[ flam-uh-buh l ]
/ ˈflæm ə bəl /


easily set on fire; combustible; inflammable.

Origin of flammable

1805–15; < Latin flammā(re) to set on fire + -ble
Related formsflam·ma·bil·i·ty, noun

Usage note

Dictionary.com Unabridged Based on the Random House Unabridged Dictionary, © Random House, Inc. 2019

Examples from the Web for flammable

British Dictionary definitions for flammable


/ (ˈflæməbəl) /


liable to catch fire; readily combustible; inflammable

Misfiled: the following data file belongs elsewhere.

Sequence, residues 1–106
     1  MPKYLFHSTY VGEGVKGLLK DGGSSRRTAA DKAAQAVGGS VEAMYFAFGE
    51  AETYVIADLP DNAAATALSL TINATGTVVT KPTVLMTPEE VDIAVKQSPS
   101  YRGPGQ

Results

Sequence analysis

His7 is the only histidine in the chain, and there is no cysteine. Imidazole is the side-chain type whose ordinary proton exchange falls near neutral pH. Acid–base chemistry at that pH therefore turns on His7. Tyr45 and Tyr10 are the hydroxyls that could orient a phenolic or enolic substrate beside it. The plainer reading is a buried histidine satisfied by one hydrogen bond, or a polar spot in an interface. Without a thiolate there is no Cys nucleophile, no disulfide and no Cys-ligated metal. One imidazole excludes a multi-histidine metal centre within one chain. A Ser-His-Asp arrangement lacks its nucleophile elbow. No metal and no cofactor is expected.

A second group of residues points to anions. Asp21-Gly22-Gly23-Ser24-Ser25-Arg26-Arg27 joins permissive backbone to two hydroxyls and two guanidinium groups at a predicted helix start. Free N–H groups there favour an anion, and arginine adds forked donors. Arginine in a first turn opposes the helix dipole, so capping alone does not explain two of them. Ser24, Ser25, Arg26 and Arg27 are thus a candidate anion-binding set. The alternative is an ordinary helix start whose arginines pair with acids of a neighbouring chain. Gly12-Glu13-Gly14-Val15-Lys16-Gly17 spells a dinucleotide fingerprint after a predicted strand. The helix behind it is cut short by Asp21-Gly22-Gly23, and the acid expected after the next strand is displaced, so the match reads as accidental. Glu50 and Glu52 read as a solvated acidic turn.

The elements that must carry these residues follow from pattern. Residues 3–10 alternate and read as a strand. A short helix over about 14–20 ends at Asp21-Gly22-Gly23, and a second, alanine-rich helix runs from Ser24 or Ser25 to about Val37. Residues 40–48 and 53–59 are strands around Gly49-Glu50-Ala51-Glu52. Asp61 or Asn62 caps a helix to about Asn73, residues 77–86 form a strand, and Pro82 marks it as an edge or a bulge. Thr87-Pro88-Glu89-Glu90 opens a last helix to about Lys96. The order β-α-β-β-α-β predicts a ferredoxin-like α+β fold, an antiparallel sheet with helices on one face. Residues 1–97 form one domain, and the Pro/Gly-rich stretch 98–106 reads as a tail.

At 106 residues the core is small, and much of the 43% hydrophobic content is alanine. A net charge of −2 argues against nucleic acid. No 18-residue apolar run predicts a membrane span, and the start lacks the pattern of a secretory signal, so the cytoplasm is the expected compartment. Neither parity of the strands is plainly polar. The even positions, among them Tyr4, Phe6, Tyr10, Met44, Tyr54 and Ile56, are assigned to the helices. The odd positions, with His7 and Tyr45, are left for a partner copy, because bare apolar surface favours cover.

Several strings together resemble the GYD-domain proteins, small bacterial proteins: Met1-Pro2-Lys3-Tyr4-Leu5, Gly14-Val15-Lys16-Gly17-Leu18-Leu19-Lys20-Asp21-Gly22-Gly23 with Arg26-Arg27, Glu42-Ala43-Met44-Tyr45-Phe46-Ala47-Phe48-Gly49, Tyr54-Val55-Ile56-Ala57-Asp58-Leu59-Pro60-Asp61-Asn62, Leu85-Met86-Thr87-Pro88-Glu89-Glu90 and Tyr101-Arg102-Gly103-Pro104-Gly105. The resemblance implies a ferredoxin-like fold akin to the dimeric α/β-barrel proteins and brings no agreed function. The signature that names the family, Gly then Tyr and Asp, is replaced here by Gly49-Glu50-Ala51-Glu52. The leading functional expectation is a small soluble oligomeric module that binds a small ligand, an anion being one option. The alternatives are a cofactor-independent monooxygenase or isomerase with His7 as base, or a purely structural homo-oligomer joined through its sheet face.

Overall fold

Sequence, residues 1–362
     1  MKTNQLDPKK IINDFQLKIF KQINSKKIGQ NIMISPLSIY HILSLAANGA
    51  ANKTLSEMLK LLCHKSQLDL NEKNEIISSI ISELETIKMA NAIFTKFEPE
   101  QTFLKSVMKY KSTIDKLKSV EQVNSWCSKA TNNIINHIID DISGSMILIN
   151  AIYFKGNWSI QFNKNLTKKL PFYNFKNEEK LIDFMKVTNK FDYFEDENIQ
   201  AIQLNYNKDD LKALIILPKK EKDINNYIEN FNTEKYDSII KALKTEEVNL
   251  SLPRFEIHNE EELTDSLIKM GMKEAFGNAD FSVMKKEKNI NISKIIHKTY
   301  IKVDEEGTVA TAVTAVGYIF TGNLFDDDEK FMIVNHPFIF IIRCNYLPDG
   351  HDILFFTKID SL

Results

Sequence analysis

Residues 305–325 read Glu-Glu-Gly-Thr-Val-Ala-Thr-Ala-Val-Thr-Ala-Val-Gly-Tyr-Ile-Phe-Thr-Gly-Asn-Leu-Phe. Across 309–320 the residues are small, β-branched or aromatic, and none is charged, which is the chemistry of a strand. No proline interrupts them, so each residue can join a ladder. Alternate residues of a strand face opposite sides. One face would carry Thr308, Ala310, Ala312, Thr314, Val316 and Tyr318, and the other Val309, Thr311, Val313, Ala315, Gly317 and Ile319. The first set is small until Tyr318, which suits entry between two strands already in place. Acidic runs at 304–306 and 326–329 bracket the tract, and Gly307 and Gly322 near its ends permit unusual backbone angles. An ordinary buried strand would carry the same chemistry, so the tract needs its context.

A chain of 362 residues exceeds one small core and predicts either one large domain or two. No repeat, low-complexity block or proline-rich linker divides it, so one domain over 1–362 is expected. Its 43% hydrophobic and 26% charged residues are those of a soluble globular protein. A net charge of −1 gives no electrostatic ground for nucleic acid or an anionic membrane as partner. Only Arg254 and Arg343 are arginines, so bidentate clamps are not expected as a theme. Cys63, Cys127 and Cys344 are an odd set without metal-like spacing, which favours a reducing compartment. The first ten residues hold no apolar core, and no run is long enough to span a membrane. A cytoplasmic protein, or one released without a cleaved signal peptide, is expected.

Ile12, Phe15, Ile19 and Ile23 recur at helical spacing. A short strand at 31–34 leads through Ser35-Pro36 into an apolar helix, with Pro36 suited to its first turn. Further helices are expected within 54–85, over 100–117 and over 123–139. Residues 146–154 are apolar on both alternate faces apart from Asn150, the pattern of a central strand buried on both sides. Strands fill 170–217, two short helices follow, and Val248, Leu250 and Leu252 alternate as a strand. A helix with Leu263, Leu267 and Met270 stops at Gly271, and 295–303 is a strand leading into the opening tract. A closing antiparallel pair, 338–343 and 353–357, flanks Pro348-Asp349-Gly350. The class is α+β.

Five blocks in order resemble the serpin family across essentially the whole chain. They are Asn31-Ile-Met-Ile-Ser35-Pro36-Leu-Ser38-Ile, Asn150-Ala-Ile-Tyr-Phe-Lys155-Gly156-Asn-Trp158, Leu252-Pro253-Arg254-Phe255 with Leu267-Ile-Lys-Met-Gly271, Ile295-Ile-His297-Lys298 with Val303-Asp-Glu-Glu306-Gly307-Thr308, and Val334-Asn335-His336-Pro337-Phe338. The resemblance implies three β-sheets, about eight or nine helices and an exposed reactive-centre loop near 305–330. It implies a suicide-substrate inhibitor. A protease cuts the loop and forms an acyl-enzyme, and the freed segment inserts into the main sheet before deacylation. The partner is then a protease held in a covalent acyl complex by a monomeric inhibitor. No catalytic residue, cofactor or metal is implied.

Derived Formsflammability, noun


Flammable and inflammable are interchangeable when used of the properties of materials. Flammable is, however, often preferred for warning labels as there is less likelihood of misunderstanding (inflammable being sometimes taken to mean not flammable). Inflammable is preferred in figurative contexts: this could prove to be an inflammable situation
Collins English Dictionary - Complete & Unabridged 2012 Digital Edition © William Collins Sons & Co. Ltd. 1979, 1986 © HarperCollins Publishers 1998, 2000, 2003, 2005, 2006, 2007, 2009, 2012

Word Origin and History for flammable



1813, from Latin flammare "to set on fire" (from flamma; see flame) + -able.

Online Etymology Dictionary, © 2010 Douglas Harper